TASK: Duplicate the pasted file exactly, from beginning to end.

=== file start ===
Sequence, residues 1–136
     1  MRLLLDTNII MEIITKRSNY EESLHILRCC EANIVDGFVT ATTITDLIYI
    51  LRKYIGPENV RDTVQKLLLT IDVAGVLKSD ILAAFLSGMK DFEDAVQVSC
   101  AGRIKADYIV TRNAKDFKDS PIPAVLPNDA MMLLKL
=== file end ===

Sequence, residues 1–136
     1  MRLLLDTNII MEIITKRSNY EESLHILRCC EANIVDGFVT ATTITDLIYI
    51  LRKYIGPENV RDTVQKLLLT IDVAGVLKSD ILAAFLSGMK DFEDAVQVSC
   101  AGRIKADYIV TRNAKDFKDS PIPAVLPNDA MMLLKL